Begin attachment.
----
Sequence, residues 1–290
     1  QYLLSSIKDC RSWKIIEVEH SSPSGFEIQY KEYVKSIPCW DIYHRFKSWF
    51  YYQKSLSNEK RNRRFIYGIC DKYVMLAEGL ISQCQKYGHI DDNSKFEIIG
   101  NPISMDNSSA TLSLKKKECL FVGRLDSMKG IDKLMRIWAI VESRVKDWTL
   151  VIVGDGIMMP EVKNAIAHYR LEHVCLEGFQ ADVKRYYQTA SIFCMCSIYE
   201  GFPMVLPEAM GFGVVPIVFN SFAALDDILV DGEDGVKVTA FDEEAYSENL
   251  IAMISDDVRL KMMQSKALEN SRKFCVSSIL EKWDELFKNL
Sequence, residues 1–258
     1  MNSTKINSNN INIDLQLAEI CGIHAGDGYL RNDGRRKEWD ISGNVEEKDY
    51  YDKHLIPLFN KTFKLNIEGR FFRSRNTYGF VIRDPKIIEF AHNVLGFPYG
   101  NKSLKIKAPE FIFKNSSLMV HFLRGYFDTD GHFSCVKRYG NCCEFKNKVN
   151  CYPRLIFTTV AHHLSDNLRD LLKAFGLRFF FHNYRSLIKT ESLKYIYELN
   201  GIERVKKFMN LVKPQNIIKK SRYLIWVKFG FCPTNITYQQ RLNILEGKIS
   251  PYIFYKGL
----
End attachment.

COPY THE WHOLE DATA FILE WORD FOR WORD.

Sequence, residues 1–290
     1  QYLLSSIKDC RSWKIIEVEH SSPSGFEIQY KEYVKSIPCW DIYHRFKSWF
    51  YYQKSLSNEK RNRRFIYGIC DKYVMLAEGL ISQCQKYGHI DDNSKFEIIG
   101  NPISMDNSSA TLSLKKKECL FVGRLDSMKG IDKLMRIWAI VESRVKDWTL
   151  VIVGDGIMMP EVKNAIAHYR LEHVCLEGFQ ADVKRYYQTA SIFCMCSIYE
   201  GFPMVLPEAM GFGVVPIVFN SFAALDDILV DGEDGVKVTA FDEEAYSENL
   251  IAMISDDVRL KMMQSKALEN SRKFCVSSIL EKWDELFKNL
Sequence, residues 1–258
     1  MNSTKINSNN INIDLQLAEI CGIHAGDGYL RNDGRRKEWD ISGNVEEKDY
    51  YDKHLIPLFN KTFKLNIEGR FFRSRNTYGF VIRDPKIIEF AHNVLGFPYG
   101  NKSLKIKAPE FIFKNSSLMV HFLRGYFDTD GHFSCVKRYG NCCEFKNKVN
   151  CYPRLIFTTV AHHLSDNLRD LLKAFGLRFF FHNYRSLIKT ESLKYIYELN
   201  GIERVKKFMN LVKPQNIIKK SRYLIWVKFG FCPTNITYQQ RLNILEGKIS
   251  PYIFYKGL